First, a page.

Chauvinist views? What are these views; what does the author have in mind here? tilt already mentioned this, but it's an interesting presence in the article that points to an intriguing unspoken premise. It's basically the thesis statement.

We‟re not abandoning the basis for our faith; we‟re confirming it. And in so doing, we open up the possibility to truly appreciate different Buddhist traditions as equal members of our Buddhist family.


Different but equal, the clarion cry of the New Age. Yet earlier:

(Not roots all the way back to the Buddha, though — Harrison agrees with the general scholarly consensus that the Mahayana developed after the Buddha.)


So we're having our cake, and eating it too, it seems.
    "And how is it, bhikkhus, that by protecting oneself one protects others? By the pursuit, development, and cultivation of the four establishments of mindfulness. It is in such a way that by protecting oneself one protects others.

    "And how is it, bhikkhus, that by protecting others one protects oneself? By patience, harmlessness, goodwill, and sympathy. It is in such a way that by protecting others one protects oneself.
- Sedaka Sutta [SN 47.19]
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Re: Mahayana split

Postby Kim OHara » Tue Nov 22, 2011 9:25 pm

daverupa wrote:
We‟re not abandoning the basis for our faith; we‟re confirming it. And in so doing, we open up the possibility to truly appreciate different Buddhist traditions as equal members of our Buddhist family.


Different but equal, the clarion cry of the New Age. Yet earlier:

(Not roots all the way back to the Buddha, though — Harrison agrees with the general scholarly consensus that the Mahayana developed after the Buddha.)


So we're having our cake, and eating it too, it seems.

I think the braided-river, downstream-upstream model allows for that.
It is not so wishy-washy, warm-and-fuzzy relativistic as to say all traditions are equal but it not so implicitly absolutist as the tree model.
And it does seem to accurately reflect the sources, which is always a good idea when you're choosing a model. :tongue:

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Re: Mahayana split

Postby daverupa » Tue Nov 22, 2011 10:32 pm

Kim O'Hara wrote:I think the braided-river, downstream-upstream model allows for that.


I'm fairly certain it doesn't, since it doesn't allow Mahayana texts to map onto the earliest available strata. This matters, because while you said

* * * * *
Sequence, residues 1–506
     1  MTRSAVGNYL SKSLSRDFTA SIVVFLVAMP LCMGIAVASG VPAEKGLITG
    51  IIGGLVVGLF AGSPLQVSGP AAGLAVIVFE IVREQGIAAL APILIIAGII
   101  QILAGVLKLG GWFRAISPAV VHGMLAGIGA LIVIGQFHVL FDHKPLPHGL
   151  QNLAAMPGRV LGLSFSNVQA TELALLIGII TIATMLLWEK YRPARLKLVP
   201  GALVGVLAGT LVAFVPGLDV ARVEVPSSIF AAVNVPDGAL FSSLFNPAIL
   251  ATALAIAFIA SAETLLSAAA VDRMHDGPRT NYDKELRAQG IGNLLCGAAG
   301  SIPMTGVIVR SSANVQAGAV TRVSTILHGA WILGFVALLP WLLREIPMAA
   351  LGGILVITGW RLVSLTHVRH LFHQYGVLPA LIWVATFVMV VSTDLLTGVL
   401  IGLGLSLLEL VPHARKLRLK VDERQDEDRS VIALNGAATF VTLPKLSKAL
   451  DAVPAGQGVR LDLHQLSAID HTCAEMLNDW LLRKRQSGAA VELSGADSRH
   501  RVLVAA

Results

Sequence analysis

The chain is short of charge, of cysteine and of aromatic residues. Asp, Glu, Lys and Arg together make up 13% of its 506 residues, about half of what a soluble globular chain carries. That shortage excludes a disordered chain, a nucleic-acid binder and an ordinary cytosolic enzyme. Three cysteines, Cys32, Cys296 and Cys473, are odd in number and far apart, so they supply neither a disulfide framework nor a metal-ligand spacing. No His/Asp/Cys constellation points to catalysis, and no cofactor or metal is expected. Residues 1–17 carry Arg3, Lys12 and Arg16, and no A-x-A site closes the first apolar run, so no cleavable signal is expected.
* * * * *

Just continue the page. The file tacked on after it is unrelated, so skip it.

Kim O'Hara wrote:It is not so wishy-washy, warm-and-fuzzy relativistic as to say all traditions are equal


this is, in fact, precisely where the author goes with it, and it's demonstrably false.

Kim O'Hara wrote:but it not so implicitly absolutist as the tree model.


...and I'm not sure what is meant by "absolutist" here. In any event, despite the nigh-impossibility of saying which texts (/phrases?) are 'absolutely' Buddhavacana, we can indeed say that certain texts are 'absolutely' not.

In the end it seems up to personal preference whether or not this fact is treated as an important one.

(...and what about this "chauvinism" bit, anyway?)
    "And how is it, bhikkhus, that by protecting oneself one protects others? By the pursuit, development, and cultivation of the four establishments of mindfulness. It is in such a way that by protecting oneself one protects others.

    "And how is it, bhikkhus, that by protecting others one protects oneself? By patience, harmlessness, goodwill, and sympathy. It is in such a way that by protecting others one protects oneself.
- Sedaka Sutta [SN 47.19]
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Re: Mahayana split

Postby manas » Wed Nov 23, 2011 3:58 am

My gut feeling happens to concur with the opinion of most scholars (and of course, most people here on DW), ie that the Pali Canon is most likely to be the most accurate representation of what the historical Buddha actually taught. But one good thing about this religion / path / way, is that the founder, to the best of our knowledge, intended for us to always test the Teachings against our own experience, and that is ultimately how we will end up proving them, one way or the other. If it's true, it will stand up to scrutiny and examination...

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Re: Mahayana split

Postby Kim OHara » Wed Nov 23, 2011 4:00 am

daverupa wrote:
Kim O'Hara wrote:I think the braided-river, downstream-upstream model allows for that.